Wednesday, August 17, 2011

He's in the Army Now

On Sunday morning, I dropped my youngest son off at his college for his Army ROTC orientation, and he is now officially a cadet in the program. He has a uniform with his name patch on it, Army boots that need some serious breaking in, a ruck sack that weighs a ton, a huge green duffle bag jammed with PT apparel and all kinds of other Army paraphernalia--and I don't really know exactly what else he's been issued; but I do know that he's suddenly the owner of a whole lot of Army gear. I haven't seen him for the past few days, because he was bused away from campus with the rest of the new cadets to learn things like Land Navigation and how to fire an M-16 rifle. There's no denying it: he's in the Army now.

Once my boy donned his ACU's (fatigues, as we old-timers like to call them) and I saw him in them for the first time, he almost took my breath away: he'd been transformed from a boy into a man in an instant--at least in this mom's eyes. Gone was the unruly mop of curly hair and the Mountain Dew t-shirt. And I tell you, with his extreme new military haircut (you may have seen my post about it called "Hooah" on August 11), his fit 6'2", broad-shouldered frame, and that crisp new Army uniform, he looked about 25 instead of 18. And to me, he looked like the quintessential soldier--an Army recruiting poster come to life.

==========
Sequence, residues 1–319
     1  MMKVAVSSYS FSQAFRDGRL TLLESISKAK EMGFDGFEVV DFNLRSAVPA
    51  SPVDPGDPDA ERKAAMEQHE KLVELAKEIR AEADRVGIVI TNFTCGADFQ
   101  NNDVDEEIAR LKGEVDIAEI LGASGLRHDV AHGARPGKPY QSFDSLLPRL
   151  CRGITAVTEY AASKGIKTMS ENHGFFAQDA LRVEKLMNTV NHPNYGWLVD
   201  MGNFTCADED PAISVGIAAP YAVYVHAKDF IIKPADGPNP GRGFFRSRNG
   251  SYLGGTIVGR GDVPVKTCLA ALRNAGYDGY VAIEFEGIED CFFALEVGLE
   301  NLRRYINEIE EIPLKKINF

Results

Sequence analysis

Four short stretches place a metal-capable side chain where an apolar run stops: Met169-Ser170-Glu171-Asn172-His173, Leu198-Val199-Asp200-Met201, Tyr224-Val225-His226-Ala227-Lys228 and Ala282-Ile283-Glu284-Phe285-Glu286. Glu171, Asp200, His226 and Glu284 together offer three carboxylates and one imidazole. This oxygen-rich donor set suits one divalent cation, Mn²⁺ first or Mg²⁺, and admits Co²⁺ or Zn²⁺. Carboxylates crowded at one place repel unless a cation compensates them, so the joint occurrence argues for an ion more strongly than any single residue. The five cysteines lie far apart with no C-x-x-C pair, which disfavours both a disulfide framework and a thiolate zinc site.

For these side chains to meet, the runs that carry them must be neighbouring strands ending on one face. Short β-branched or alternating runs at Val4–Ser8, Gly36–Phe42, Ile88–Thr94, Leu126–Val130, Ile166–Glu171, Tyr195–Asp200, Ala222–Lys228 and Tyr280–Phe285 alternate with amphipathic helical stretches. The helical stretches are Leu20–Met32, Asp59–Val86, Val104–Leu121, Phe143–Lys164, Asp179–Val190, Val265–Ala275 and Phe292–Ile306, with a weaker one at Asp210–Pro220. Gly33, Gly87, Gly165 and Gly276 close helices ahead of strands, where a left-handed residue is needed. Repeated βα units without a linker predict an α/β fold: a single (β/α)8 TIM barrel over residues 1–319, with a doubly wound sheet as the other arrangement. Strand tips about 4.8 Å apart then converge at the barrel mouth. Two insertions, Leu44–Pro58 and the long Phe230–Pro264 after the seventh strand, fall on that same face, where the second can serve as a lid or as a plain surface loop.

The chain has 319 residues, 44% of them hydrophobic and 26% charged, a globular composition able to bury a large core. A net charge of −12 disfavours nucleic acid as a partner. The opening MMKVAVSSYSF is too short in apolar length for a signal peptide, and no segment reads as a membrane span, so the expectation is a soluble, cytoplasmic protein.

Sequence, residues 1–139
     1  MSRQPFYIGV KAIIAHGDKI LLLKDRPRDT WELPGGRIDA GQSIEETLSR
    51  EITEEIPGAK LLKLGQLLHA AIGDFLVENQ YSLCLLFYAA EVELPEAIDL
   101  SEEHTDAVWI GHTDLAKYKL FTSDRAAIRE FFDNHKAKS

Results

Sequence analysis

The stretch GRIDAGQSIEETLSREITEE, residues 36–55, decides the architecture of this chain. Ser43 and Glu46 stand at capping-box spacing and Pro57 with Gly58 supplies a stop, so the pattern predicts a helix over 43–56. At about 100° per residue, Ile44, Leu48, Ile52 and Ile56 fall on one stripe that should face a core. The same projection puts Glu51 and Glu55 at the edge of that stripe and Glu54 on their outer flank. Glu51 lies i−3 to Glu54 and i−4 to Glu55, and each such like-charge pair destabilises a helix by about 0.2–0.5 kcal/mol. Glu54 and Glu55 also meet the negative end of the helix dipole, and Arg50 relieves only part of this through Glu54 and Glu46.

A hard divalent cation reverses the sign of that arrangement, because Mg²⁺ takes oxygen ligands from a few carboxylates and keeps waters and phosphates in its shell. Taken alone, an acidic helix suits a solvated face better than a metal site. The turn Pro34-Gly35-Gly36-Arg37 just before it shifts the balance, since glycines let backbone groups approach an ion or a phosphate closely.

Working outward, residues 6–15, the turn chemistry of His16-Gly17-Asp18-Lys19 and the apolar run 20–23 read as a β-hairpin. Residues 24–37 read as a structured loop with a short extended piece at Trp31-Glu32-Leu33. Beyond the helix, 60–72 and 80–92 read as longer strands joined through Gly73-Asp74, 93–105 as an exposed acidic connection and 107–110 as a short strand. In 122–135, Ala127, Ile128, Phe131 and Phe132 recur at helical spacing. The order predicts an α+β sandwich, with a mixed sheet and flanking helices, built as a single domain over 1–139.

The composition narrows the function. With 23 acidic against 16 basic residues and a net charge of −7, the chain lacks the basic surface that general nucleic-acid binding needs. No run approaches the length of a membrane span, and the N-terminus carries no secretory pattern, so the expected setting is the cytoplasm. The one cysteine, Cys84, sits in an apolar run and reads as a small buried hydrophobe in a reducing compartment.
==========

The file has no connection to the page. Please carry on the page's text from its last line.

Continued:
Here you can see how my son's newly shorn head looks when he's in uniform. I think he makes a very sharp and good-looking soldier! (Can I get a hooah?)

My husband and I will see our son at a barbeque for all the new Army cadets and their families tomorrow, and afterward he can put his Mountain Dew t-shirt back on, and we will begin the process of moving him into his dorm and helping him out as he goes through the university's regular freshman orientation. We can hardly wait to hear the "war stories" from his four-day ROTC indoctrination.

I am so very proud of my son for choosing to go through the ROTC program in order to defray the cost of his college education. He--along with the other fine young people in the program like him--knows that the very real possibility of future deployment to a war zone exists, and yet he was willing to join up. God bless him, and God bless all of our troops!

(God bless the internet, too. Boy, I've missed it the past few days!)

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